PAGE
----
He usually sat in the park alone, an old man surrounded by raucous pigeons.
Everyday he takes this walk, starting exactly at 2:30pm, like clockwork. He leaves his house, an old but tidy bungalow on a quiet tree lined street and walks briskly to the bakery in the village square. There he greets the lady behind the counter, an old friend. He has known her since there were children; they grew up together. She sells him day old bread at a discount price and he smiles and winks at her as he takes the brown paper bag. She blushes and sends him on his way.
"That Sam Rogers is quite the lad eh?" she says to the other customers and they all laugh and nod.
It was true; he was quite handsome in his day. Dashing, they would have said. And even now, he is still tall and straight, with a shock of silver hair and sparkling blue eyes. More than one of the older ladies in the neighbourhood fancied him and he knew it.
Whistling as he left the store, he heads straight for the park near the school. There is a special bench there, not one of those modern contraptions that you're afraid to sit on. A good solid bench, handmade of the finest red cedar. Old fashioned, just like him.
He sits there and waits for the ever hungry pigeons to notice. Without him, he is sure that they would all starve to death, especially in the winter.
It's not long before he's surrounded by what seems like dozens of these feathered rats, all loudly thankfull for his offering. The children, leaving school, are half afraid, half fascinated by the shrill quarrelling birds. The braver ones come closer and he gives them bread to share.
When the child goes missing, he is the first to come forward to the cops to help. He remembers this child, this twelve year old boy. Michael; he was one of the brave ones.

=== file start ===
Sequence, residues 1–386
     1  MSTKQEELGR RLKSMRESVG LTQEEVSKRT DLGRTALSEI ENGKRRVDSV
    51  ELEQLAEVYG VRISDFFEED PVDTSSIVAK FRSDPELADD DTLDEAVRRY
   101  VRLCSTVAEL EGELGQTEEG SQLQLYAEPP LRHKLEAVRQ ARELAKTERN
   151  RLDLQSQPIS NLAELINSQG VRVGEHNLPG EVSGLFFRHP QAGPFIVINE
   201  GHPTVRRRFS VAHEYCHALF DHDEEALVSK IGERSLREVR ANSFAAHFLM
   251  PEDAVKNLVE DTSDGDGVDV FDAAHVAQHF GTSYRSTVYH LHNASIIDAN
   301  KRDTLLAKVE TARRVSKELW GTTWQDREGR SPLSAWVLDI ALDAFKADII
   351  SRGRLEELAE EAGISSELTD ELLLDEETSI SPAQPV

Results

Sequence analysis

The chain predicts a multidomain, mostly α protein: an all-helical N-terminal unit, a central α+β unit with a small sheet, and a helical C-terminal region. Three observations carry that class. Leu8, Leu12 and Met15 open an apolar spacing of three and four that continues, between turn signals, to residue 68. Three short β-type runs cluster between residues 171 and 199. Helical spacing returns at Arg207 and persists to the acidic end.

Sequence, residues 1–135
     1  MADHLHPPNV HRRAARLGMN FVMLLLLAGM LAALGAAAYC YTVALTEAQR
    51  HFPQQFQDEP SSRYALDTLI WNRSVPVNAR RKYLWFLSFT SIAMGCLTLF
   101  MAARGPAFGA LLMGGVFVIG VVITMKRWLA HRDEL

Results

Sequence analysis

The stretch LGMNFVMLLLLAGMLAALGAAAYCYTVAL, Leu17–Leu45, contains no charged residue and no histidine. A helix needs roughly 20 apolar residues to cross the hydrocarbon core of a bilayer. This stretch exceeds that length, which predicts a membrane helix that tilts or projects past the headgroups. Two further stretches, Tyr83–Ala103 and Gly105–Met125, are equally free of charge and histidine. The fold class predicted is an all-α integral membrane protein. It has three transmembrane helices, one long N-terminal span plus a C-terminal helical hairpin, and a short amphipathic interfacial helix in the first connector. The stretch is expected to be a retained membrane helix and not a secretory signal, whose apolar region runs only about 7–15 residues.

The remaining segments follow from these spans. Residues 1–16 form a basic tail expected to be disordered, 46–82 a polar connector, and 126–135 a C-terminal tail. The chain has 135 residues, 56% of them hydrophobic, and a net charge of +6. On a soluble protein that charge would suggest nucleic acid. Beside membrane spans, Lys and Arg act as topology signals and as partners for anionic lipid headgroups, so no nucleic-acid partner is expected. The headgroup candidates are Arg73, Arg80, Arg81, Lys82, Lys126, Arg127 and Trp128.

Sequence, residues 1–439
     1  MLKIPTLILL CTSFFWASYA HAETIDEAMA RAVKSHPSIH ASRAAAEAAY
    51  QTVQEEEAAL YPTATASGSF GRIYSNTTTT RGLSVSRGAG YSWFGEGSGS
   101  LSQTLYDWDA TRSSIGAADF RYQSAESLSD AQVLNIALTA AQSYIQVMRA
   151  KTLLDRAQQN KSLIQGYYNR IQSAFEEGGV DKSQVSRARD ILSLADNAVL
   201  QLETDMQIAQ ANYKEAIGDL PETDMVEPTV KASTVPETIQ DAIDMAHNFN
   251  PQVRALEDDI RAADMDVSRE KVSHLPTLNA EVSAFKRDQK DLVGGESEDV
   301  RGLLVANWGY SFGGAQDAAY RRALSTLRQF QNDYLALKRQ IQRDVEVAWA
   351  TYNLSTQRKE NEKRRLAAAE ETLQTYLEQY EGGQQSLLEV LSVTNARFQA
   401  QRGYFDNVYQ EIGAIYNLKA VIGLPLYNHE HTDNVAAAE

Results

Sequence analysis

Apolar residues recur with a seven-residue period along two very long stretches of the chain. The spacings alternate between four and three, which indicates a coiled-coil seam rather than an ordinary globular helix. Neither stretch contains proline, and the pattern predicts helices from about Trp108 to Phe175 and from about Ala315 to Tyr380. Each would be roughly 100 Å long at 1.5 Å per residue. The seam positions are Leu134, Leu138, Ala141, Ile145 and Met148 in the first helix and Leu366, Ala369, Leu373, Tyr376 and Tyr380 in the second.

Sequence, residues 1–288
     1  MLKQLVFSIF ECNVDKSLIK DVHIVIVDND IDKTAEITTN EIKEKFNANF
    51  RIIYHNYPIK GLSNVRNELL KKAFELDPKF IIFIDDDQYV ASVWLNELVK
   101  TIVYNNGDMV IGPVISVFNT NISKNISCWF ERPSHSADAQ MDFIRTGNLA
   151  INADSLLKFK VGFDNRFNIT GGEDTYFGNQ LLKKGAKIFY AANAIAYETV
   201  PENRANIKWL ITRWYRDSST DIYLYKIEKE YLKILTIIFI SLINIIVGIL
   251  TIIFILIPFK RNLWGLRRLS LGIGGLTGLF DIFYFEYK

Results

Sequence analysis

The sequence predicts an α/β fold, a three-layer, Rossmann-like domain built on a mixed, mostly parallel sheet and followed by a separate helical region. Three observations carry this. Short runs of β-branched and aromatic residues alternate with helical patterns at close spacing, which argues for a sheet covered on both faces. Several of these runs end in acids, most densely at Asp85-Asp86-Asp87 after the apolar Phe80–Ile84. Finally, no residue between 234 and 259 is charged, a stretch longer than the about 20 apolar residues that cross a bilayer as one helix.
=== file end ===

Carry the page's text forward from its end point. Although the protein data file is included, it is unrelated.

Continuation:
Mr. Rogers is the one who remembers the car, one of those new mini things that help save on gas. A strange colour it was too. Electric blue! No, he didn't see the boy get into the car; he just saw the car sitting there just outside the school. Waiting for something, or for someone.
That is the break the cops needed. There are only a few electric blue smart cars in the neighbourhood. They find the driver the next day; he lives only two blocks away from the school.
He is an ex con, a pedophile, the usual suspect. He swears, screams, and cries that he did nothing, that he had stopped all of that, and that he is a changed man. But it is useless, he has no alibi. He had stopped near the school just to watch, nothing else, he says. But he is a pedophile who had abused young boys before. He is convicted before he was tried.
The next day Michael's tearful parents make an appearance on TV, his mother unable to speak for sobbing, his father stoic in the beginning but breaking down in the end.
"Please give us back our boy!"
Mr. Rogers watches this broadcast in the bakery with the rest of the neighbourhood. The mood is quiet, sombre, and several people have tears running down their faces.
Mr. Rogers turns around slowly in his seat, shaking his head as he looks at his neighbours.
"What's the world coming to?" he wonders and several others echo his sentiments.
After a while, he makes his way slowly home, the spring gone from his step.
He lets himself in quietly and busies himself making tea. He wants to watch the news tonight, to see if the cops have any leads as to the location of the boy.
Putting the kettle on the stove he is suddenly startled, shoulders tightening, as he hears a noise in the basement. He grabs a snowshovel from near the door, and heads downstairs. The basement is dark and he fumbles for the light switch and turns it on.
The room is flooded with light and he blinks. He hears a muffled gasp and looks in the direction of the dark far corner where the light doesn't quite reach.
He breathes a sigh of relief. Everything is fine. The boy is fine. He looks at Michael, bound and gagged on a thin mattress and sees the fear in his eyes.
He smiles then and it's not the smile he gives to his neighbours, to the ladies in the bakery, to the cops. This is a different smile; cold and evil. His sparkling blue eyes are now hard, reptilian. He whispers, though there is no danger that he'll be overheard.
"I've got you now! No one will ever find you. The cops will never think of me."
The boy starts to cry softly and Mr. Rogers laughs, a low guttural growl of malice. The sound echoes through the basement.
Upstairs, the kettle whistles. It's time for tea.